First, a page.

An Architecture Student’s Lessons Learned, by “Mr. Whiskey”

As an architect for the last 30 years or so, I have been applying some important lessons learned in college that have an eerie resemblance to the survival mindset of those of us who think we just might be in for some hard times, and much sooner than we think. Let me explain.On the very first day of class, on my very first day of college back in the 1970s, I found myself in a design class with other new students who knew absolutely nothing about the profession or business of architecture. But we were there to learn, and our first assignment was to design and build a ‘Survival House for an Egg’, or SHEG for short. The rules were simple: design pure survival for a fresh chicken egg, no restrictions on materials used, no weight limits or minimums, the SHEG could be any size or shape provided it cleanly fit into an 8” x 8” x 8” box, the SHEG would be subjected to a severe external stressing event (to be determined on test day), it had to be opened by someone other than yourself, after testing, using only a matt knife, could be any color, style or texture, and the project was 30% of your final semester grade. It was also pass/fail, ‘A’ or ‘F’. No teamwork allowed, you’re on your own. Each student will present one SHEG for testing in one week at 1:15pm, rain or shine. No class until then. No more questions. Good luck. The professor then went on vacation, I think. The goal was made clear. We were to design and construct a house for an egg to survive unbroken through an unknown catastrophic event. Easy enough.
We all complained about it. “How can I design for an unknown?” we asked. Isn’t design meant to be for planning, for known occurrences, with foresight and thought? Isn’t that what we’re here for, to be taught how to know what to plan for? All good questions, indeed. Many classmates assumed a weight-applied stress from the top. Some assumed a violent shaking, and a few others a sudden impact. But they were all really, totally inappropriate assumptions for this assignment. This job was for one thing, and one thing only: get that egg to the other side of its impending Armeggeddon. (Sorry).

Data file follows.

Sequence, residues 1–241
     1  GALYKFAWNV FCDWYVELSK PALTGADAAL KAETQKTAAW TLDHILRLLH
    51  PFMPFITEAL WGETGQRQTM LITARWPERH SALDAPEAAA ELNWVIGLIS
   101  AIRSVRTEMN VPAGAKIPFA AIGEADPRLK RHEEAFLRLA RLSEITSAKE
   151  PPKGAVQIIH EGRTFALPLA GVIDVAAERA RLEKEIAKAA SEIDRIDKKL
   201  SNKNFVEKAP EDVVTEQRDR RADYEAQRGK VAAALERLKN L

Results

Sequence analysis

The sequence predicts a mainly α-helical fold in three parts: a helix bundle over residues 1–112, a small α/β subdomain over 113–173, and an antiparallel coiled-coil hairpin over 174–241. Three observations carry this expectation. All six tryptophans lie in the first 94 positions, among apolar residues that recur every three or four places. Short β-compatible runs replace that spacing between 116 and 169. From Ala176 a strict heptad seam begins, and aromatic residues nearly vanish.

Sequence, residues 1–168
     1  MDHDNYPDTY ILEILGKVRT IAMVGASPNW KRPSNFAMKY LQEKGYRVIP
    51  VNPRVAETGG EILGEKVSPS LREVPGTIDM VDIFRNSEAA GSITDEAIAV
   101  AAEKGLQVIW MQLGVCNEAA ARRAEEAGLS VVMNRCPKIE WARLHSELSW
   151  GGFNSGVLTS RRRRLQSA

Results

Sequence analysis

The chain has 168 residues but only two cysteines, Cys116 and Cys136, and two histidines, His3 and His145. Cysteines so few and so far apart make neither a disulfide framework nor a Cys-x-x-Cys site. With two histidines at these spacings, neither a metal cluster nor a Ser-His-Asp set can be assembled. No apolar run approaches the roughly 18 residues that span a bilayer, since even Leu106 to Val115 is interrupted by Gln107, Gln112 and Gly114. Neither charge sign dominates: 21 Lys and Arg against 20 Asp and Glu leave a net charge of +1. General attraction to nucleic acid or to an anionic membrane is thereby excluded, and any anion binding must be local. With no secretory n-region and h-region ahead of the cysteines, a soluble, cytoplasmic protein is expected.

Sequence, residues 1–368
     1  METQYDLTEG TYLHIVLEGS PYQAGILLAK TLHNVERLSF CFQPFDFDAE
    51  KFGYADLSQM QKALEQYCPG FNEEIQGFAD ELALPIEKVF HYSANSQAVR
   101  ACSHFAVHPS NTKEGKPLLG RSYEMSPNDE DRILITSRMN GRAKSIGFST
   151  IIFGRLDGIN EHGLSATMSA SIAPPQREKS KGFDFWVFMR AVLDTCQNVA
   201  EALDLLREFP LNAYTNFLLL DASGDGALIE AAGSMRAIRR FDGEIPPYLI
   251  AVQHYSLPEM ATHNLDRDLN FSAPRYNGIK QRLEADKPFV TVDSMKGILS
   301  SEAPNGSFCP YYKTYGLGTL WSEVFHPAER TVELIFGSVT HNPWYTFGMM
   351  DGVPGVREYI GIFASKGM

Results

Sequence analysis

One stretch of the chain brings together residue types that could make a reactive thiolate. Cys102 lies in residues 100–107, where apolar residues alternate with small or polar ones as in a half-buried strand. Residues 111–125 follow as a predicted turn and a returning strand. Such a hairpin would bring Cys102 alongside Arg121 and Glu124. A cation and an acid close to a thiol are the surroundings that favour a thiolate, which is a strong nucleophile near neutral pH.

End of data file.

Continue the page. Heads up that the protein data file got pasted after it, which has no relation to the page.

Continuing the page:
Many of us worked day and night, testing and retesting for something, we knew not what. Some of the new students made friends quickly. Others kept to themselves, me included, and just plugged away on our SHEG’s. Then test day came. We were all nervously waiting with our designs and our futures in hand. The professor arrived looking tanned and well fed. We were asked to walk up the stairwell and place our designs on the north parapet wall of the buildings’ roof and stand beside our SHEG’s. The stress event our designs were to withstand would be a baseball bat hitting the SHEG off the parapet, seven stories high, and onto the empty asphalt parking lot below. A judge on the ground would open each SHEG as it rested, determining whether the egg was intact or not. The judge would then crack the egg to be sure no hard boiled cheaters were among us. Your neighbor previous in line will hit your SHEG off the wall. No one touches their SHEG from here on out. Then it started to rain. The professor hit the first one. WHAM. Off went someone’s desperate attempt at survival design into scrambled oblivion. Then another. And another. It was terrible. The professor was laughing. After 30 student tries, not one had yet passed. Then someone succeeded. Everyone cheered. Another round of failures, then it was my turn. I mumbled a silent prayer. My neighbor in line gleefully grabbed the bat, wanting desperately to send my SHEG off the edge in a yellow splat of frustration, just as his had done not one minute earlier. Off it went, down and down, then BANG. The judge opened my SHEG and discovered an intact egg. I had passed. Life was good. I was only one of three success stories that dark day. Three out of 72 students. There were many tears and much gnashing of teeth. Many of my fellow classmates claimed their SHEG’s were hit harder than someone else’s. “Not fair!”, they cried. Some couldn’t believe they really got an ‘F’ for the project (their very first academic failure, in many cases). One student made it to the ground with an intact egg, but the judge could not open the SHEG with the knife, so he failed. Several others failed because they missed the deadline to present their design by just minutes. A few just gave up in total frustration and did not submit any design at all.